I just have to say that I wanted to scoop up this title before Jay got it. So, Jay, I don’t want to hear anything about meta-ing in your post, because I am all over this like white on rice or black on an Oreo.

I find Chun’s discussion freedom and the Internet quite interesting. Of all the discussions of freedom we have had so far, even though Chun’s is probably one of the most difficult ones with which to wrestle, I find her rhetorical stance quite interesting. Mostly, I feel the least manipulated by what she has to say about the Internet, porn, etc. Possibly, because Chun is a woman, I was comfortable with her writing and encouraged that she was willing to explore, academically, porn and the Internet and what exactly that looks like in the context of digitization. I felt ‘safe’ within what she had to say, and encouraged in what she was offering. That said, half the time I was shaking my head saying ‘huh’? Chun definitely has a way to cross and intermingle words, phrases, and ideas that make you wonder just what her point is. And I think that is part of her point. That, in discussing this idea of digitization and it’s negative and positive effects of freedom and control, etc., there must be some confusion. Something to wrestle with. Something that doesn’t make sense.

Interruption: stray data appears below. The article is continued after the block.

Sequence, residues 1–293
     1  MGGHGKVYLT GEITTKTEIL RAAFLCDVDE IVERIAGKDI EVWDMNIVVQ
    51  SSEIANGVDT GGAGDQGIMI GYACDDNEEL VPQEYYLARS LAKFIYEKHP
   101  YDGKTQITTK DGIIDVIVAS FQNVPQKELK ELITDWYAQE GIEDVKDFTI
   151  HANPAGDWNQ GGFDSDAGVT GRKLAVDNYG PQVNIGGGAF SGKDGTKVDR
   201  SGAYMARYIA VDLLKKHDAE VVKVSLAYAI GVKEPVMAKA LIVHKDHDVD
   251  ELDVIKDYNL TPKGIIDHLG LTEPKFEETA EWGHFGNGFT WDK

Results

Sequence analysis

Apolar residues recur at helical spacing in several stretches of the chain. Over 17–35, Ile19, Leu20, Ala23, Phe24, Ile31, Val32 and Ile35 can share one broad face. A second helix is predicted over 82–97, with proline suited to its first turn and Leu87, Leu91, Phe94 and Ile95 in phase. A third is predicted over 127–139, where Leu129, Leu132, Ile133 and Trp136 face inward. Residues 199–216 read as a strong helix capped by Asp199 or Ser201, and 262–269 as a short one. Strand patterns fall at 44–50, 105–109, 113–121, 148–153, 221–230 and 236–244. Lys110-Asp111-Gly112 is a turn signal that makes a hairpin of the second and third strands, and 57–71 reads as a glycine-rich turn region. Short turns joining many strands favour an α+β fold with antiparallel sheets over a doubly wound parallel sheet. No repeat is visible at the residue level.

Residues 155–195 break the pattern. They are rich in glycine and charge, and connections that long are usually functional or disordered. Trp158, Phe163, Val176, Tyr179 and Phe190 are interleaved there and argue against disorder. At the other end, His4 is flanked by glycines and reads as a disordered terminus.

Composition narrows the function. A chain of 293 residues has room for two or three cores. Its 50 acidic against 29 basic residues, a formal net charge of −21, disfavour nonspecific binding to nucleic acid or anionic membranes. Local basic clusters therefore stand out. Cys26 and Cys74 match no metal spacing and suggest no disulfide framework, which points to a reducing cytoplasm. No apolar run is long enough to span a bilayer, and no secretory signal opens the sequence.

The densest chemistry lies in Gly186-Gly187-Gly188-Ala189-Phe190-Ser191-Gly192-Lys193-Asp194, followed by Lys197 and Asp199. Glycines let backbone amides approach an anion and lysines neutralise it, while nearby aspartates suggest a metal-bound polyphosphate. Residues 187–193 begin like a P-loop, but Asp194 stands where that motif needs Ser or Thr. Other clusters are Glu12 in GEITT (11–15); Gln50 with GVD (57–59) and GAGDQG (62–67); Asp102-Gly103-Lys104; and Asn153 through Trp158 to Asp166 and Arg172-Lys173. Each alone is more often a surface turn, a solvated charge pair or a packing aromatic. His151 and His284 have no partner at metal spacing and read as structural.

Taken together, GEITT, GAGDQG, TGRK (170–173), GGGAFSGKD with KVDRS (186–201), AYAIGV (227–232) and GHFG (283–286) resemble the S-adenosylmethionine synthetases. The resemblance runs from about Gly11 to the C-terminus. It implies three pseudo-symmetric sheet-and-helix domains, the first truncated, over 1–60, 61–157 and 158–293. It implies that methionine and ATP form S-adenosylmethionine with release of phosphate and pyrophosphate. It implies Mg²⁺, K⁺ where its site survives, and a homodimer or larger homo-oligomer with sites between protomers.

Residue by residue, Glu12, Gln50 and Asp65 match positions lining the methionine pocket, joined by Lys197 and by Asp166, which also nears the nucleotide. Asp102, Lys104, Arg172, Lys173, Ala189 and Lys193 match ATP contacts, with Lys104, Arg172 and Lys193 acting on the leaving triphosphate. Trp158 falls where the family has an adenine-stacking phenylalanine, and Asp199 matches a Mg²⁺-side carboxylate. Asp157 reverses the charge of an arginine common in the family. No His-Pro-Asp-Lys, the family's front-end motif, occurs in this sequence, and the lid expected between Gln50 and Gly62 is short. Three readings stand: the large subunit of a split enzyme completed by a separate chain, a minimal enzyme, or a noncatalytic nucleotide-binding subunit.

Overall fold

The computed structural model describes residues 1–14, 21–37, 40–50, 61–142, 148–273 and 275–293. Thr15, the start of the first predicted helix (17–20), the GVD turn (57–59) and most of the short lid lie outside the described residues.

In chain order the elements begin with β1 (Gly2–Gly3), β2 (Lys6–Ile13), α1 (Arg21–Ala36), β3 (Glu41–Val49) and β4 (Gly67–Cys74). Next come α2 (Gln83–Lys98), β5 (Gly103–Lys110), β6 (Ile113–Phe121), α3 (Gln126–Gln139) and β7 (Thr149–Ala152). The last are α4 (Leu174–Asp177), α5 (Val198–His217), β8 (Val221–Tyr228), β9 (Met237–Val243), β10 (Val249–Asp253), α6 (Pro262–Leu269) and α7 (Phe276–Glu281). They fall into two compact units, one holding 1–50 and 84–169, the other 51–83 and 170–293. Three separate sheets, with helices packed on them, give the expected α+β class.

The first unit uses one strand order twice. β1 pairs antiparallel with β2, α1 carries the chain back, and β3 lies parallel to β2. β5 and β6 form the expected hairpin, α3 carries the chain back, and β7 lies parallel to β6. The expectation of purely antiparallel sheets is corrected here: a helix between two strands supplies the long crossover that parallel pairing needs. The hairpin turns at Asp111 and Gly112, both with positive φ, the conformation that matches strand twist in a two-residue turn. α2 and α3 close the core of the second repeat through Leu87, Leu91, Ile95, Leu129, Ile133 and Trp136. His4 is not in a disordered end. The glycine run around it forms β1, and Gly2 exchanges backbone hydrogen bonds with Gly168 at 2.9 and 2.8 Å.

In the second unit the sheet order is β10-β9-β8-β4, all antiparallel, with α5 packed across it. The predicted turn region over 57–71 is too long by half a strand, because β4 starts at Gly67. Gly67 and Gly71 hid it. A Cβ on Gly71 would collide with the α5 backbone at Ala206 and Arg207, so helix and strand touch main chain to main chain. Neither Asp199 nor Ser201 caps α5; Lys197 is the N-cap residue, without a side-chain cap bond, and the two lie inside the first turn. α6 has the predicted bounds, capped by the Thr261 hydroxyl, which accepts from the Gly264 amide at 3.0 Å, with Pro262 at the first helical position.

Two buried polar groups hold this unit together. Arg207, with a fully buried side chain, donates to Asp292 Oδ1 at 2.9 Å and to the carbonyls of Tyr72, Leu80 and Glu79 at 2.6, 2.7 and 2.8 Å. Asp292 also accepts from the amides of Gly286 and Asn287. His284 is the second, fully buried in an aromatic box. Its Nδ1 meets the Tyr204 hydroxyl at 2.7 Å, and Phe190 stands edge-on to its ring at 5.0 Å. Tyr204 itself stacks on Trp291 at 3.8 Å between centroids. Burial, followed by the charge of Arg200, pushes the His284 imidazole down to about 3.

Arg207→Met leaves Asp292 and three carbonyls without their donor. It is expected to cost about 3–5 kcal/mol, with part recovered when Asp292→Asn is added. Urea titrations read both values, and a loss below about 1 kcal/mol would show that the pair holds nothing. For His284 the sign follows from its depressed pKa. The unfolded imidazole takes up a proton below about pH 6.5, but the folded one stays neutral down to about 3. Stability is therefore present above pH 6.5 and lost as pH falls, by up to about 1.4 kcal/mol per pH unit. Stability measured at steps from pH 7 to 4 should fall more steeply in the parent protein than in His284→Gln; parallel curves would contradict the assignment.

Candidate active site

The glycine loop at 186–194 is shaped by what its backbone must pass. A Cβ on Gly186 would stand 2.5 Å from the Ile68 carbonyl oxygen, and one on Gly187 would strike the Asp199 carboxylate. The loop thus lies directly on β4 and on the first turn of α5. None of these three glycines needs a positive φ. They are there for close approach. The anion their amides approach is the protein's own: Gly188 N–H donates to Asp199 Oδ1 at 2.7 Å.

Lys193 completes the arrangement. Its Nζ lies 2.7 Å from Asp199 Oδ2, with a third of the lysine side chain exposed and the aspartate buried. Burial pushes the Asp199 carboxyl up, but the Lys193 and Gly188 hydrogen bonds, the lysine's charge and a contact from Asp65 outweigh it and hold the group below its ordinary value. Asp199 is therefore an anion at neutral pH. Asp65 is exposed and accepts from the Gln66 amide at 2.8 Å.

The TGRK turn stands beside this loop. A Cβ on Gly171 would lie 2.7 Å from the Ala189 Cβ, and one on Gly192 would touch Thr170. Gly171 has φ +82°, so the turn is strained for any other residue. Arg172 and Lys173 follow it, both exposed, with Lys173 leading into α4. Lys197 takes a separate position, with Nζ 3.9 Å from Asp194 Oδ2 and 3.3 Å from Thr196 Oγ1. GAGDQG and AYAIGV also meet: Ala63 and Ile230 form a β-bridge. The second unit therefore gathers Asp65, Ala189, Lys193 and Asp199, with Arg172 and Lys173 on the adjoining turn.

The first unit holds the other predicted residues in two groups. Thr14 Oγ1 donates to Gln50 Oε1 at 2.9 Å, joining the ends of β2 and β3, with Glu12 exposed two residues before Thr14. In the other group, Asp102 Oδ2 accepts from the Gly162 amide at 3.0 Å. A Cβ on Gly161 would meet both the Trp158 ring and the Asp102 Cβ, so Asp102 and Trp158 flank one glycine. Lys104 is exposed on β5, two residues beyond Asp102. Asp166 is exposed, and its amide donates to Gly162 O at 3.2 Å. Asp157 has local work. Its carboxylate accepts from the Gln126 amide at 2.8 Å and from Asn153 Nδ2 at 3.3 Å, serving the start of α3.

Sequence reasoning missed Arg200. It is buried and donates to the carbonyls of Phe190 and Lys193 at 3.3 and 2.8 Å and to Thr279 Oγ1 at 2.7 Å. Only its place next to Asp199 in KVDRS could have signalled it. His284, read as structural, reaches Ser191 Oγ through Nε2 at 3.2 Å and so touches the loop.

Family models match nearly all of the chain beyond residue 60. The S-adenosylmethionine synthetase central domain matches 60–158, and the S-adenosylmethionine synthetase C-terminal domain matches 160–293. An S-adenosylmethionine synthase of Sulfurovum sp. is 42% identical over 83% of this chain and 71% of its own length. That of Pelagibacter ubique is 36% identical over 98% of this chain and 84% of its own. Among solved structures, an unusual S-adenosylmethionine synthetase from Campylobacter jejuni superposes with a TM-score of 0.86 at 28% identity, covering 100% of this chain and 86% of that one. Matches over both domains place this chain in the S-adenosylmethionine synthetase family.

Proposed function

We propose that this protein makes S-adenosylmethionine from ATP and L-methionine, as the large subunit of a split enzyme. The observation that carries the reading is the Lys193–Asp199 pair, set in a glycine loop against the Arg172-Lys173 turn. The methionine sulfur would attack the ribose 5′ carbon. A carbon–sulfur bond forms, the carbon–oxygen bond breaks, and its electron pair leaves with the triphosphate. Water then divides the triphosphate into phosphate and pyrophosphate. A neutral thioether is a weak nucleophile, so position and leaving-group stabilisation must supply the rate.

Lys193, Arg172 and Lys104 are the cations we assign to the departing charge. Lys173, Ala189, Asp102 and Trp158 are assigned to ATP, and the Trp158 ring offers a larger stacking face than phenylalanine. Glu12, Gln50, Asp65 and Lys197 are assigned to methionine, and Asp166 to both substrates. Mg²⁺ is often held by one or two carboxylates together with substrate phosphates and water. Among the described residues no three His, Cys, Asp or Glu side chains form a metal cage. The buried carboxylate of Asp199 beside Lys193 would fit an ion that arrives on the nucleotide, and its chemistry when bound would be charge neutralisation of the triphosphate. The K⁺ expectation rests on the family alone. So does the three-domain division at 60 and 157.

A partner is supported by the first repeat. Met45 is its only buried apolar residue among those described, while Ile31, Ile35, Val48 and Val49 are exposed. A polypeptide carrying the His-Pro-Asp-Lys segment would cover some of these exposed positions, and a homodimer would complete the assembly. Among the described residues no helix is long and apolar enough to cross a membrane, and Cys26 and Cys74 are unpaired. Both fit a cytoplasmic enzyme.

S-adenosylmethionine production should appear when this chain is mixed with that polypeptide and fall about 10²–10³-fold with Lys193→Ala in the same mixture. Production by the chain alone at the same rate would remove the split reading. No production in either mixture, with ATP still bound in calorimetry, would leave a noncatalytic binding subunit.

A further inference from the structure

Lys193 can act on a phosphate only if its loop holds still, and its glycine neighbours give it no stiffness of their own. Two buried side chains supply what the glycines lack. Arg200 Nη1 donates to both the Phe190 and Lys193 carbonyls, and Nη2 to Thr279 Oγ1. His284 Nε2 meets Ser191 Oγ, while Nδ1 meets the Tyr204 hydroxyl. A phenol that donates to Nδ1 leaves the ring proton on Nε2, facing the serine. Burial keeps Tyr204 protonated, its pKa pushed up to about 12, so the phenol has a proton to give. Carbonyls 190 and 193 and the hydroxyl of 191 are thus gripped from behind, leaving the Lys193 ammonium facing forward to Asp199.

So, then, this got me thinking about the whole idea of space about space, meta-space, especially considering the quote on page 43, “is a free space in which to space out about space and place, fact and fiction.” And I started thinking about that in terms of my own project and plans and details–I really want to focus on young adult creative writing within my project, and how YA’s read and interact with texts, specifically fiction. And I think that this idea of talking about the space of the Internet as a space in which to explore both fact and fiction and the choices that are made in regards to both of those is quite important.

I am interested in continuing this discussion in class where, again, Jay is not allowed to use the word meta.